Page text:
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Lingui, The Sacred Bonds

Courtesy MUBI

There are a few recent movies that I wish I could’ve seen projected in a movie theater. Not just for their seductive wide-angle compositions or beautiful on-screen performers—an immersive sound design, sometimes based on a moving score, can also be transporting. I wondered what writer/director Mahamat-Saleh Haroun’s warm Chadian drama “Lingui, The Sacred Bonds” sounds like in a movie theater as I watched it on a desktop computer with noise-cancelling headphones. Sound designer Corinna Fleig does a lot to suggest the character of N’Djamena, Chad’s capital and the main setting of this slice-of-life drama about a mother and her pregnant teenage daughter.

Fleig and her team give a subtle, but vibrant sense to N’Djamena, and the soft buzz of motorcycles and field crickets gives viewers a clear sense of where this movie takes place. Haroun’s protagonists—anxious but withdrawn single mom Amina (Achouackh Abakar Souleymane) and her 15-year-old daughter Maria (Rihane Khalil Alio)—often struggle to articulate how they feel. But Amina and Maria always clearly communicate who they are, and Fleig’s sound design helps us understand how Haroun’s characters both resist and are shaped by their impassive, beautiful environment. 

Amina and Maria’s story has a low, but sustained level of emotional intensity that’s hinted at in the movie’s title. In the press notes, Haroun (“A Screaming Man”) explains that “Lingui” signifies a “bond or connection” that “implies solidarity” and “mutual aid.” Amina and Maria have this sort of unspoken—and mostly implied—relationship, though it’s not sentimentalized or over-stressed in any cloying way. Maria hates it when her mother calls her “Mamita,” and often says as much. And in one key scene, Amina tries to raise a million Central African francs (for her daughter’s illegal abortion) by offering herself to her overly familiar neighbor Brahim (Youssouf Djaoro). Haroun finds the drama in these interactions simply by showing us how life’s big moments are only spikes of emotional intensity. We watch Amina and Maria move with or against criss-crossing streams of car traffic, at the beginning and towards the end of the day; they struggle to maintain a connection between these episodic scenes.

Much of “Lingui” concerns little moments that can either develop into disappointment or hope for whatever comes next in the day. Haroun’s movie is not just about how Chadian women make do in a patriarchal society, though it is about that, too. Sometimes “Lingui” establishes its dramatic stakes by immersing us in the textures and tempo of Amina’s shapeless, but busy day, like when she strips tires and weaves metal wire into “kanoun” stoves, which she carries by hand (and on her head) across town.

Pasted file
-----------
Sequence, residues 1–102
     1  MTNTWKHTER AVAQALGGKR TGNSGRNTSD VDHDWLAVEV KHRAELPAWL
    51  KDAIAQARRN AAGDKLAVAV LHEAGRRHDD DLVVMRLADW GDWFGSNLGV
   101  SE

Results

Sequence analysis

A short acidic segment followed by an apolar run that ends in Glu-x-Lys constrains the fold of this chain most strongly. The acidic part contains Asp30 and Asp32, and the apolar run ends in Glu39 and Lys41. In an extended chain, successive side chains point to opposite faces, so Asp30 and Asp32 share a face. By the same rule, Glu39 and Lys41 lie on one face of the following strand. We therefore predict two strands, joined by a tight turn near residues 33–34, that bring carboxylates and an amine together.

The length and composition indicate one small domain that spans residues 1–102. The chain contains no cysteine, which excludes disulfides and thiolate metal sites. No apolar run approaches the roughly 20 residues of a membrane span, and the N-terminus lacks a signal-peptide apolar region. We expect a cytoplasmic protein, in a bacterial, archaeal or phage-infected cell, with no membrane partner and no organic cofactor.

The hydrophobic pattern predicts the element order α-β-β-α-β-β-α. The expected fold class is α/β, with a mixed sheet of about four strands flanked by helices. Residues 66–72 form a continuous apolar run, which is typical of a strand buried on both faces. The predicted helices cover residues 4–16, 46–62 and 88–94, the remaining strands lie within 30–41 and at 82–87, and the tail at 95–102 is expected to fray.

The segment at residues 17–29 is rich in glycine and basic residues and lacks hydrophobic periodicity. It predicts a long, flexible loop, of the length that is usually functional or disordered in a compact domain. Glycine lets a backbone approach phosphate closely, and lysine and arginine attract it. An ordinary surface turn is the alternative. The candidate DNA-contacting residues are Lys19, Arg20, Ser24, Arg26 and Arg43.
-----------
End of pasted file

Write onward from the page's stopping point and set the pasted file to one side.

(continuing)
And sometimes “Lingui” reminds us that character reveals itself when you’re not paying attention. Amina begs her mother for an abortion by an open window, and the light from the partly shuttered frame creates a halo-like silhouette. Her mother also has a glow thanks to Haroun’s impressive collaboration with regular cinematographer Mathieu Giombini, but it’s nothing compared to the one surrounding Alio’s face after Maria’s told that “Muslims can’t do that.” “I don’t give a damn,” she replies. “Leave me, I don’t want it.”

It’s easy to imagine a movie like “Lingui” devolving into an overheated arthouse message movie given its focus on Maria’s desperate situation. It rarely does, despite a couple of distracting plot contrivances involving an insensitive Imam (Saleh Sambo) and Djaoro’s sleazy would-be suitor. More often than not, Haroun and his collaborators quietly mine their N’Djamena locations for their dramatic potential, like when Maria peeks around the corner of an alleyway as she trails after her mother. The camera moves with Alio’s head and shows us Amina sitting by herself, seemingly unaware (or unbothered) by Maria’s nearby presence. This is an evocative image that doesn’t really advance the story or its themes. It's just an incidental expression of longing that also shows you who these characters are to each other. No matter how the enveloping scene develops, this brief moment also illustrates what Haroun means when he says (again, in the movie’s press notes) that he aspires to reflect a kind of “social reality” through “banal scenes” that take on meaning “little by little.” 

Fleig’s sound design also exemplifies Haroun’s subtle and often disarming focus on social realism. We track the steady shuffle of Amina’s sandals as she moves through a varied, but rarely overwhelming ambient soundscape. And as we tag along with Haroun’s characters, we learn to appreciate their story as a small, but vivid study of lives that are so much more than their progressive developments. I hope to revisit “Lingui” in a movie theater, if only so I can tune in again without covering my ears.

Now playing in select theaters.

Simon Abrams

Simon Abrams is a native New Yorker and freelance film critic whose work has been featured in The New York TimesVanity FairThe Village Voice, and elsewhere.

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Lingui, The Sacred Bonds movie poster

Lingui, The Sacred Bonds (2022)

87 minutes

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